International Bullous Diseases Group: consensus on diagnostic criteria for epidermolysis bullosa acquisita.

Journal Article (Journal Article)

BACKGROUND: Epidermolysis bullosa acquisita (EBA) is a complex autoimmune bullous disease disease with variable clinical presentations and multiple possible diagnostic tests, making an international consensus on the diagnosis of EBA essential. OBJECTIVES: To obtain an international consensus on the clinical and diagnostic criteria for EBA. METHODS: The International Bullous Diseases Group (IBDG) met three times to discuss the clinical and diagnostic criteria for EBA. For the final voting exercise, 22 experts from 14 different countries voted on 50 different items. When > 30% disagreed with a proposal, a discussion was held and re-voting carried out. RESULTS: In total, 48 of 50 proposals achieved consensus after discussion. This included nine diagnostic criteria, which are summarized in a flow chart. The IBDG was unable to determine one procedure that would be applicable worldwide. A limitation of the study is that differential diagnosis of bullous systemic lupus erythematosus has not been addressed. CONCLUSIONS: This first international consensus conference established generally agreed-upon clinical and laboratory criteria defining the clinical classification of and diagnostic testing for EBA. Holding these voting exercises in person with the possibility of discussion prior to voting has advantages in reaching consensus over Delphi exercises with remote voting.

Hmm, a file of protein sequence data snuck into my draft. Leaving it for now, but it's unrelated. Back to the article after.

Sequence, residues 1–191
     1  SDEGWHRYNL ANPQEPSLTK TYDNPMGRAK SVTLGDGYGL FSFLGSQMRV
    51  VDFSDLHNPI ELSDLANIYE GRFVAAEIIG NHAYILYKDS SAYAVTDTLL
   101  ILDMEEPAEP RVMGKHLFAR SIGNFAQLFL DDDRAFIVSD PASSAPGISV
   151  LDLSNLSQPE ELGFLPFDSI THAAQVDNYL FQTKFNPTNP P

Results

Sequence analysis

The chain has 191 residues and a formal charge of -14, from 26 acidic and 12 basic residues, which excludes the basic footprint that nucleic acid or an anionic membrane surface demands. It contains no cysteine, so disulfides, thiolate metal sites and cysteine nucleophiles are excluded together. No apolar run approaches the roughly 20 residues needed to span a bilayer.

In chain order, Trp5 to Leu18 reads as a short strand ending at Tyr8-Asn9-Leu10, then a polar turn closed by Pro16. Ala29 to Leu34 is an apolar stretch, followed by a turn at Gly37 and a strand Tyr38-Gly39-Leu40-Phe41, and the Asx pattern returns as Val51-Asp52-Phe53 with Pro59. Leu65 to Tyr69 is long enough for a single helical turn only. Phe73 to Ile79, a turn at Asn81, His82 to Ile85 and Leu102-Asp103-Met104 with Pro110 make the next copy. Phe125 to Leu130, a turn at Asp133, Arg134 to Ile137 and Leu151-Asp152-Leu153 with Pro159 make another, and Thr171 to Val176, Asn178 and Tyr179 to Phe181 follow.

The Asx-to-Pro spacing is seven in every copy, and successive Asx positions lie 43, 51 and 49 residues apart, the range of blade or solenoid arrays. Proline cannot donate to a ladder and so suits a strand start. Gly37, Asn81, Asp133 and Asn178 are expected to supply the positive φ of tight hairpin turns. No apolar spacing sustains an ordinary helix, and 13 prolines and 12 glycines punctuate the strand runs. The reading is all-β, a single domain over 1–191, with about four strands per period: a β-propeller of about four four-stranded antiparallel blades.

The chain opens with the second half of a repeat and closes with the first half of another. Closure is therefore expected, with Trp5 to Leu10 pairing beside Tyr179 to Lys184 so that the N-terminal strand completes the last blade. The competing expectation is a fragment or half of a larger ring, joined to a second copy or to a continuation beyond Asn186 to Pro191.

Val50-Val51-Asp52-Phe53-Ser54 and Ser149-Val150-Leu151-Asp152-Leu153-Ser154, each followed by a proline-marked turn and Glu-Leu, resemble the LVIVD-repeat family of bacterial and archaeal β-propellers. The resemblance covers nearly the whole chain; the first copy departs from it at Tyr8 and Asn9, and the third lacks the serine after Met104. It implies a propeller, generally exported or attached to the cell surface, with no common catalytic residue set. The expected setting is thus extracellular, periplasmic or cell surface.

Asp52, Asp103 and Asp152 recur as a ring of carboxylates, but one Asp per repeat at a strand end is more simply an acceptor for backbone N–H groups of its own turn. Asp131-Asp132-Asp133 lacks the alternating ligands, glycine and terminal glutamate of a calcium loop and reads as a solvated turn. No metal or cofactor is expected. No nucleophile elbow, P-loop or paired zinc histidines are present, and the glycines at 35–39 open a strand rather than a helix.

Full Text

Duke Authors

Cited Authors

  • Prost-Squarcioni, C; Caux, F; Schmidt, E; Jonkman, MF; Vassileva, S; Kim, SC; Iranzo, P; Daneshpazhooh, M; Terra, J; Bauer, J; Fairley, J; Hall, R; Hertl, M; Lehman, JS; Marinovic, B; Patsatsi, A; Zillikens, D; International Bullous Diseases Group, ; Werth, V; Woodley, DT; Murrell, DF

Published Date

  • July 2018

Published In

Volume / Issue

  • 179 / 1

Start / End Page

  • 30 - 41

PubMed ID

  • 29165796

Electronic International Standard Serial Number (EISSN)

  • 1365-2133

Digital Object Identifier (DOI)

  • 10.1111/bjd.16138


  • eng

Conference Location

  • England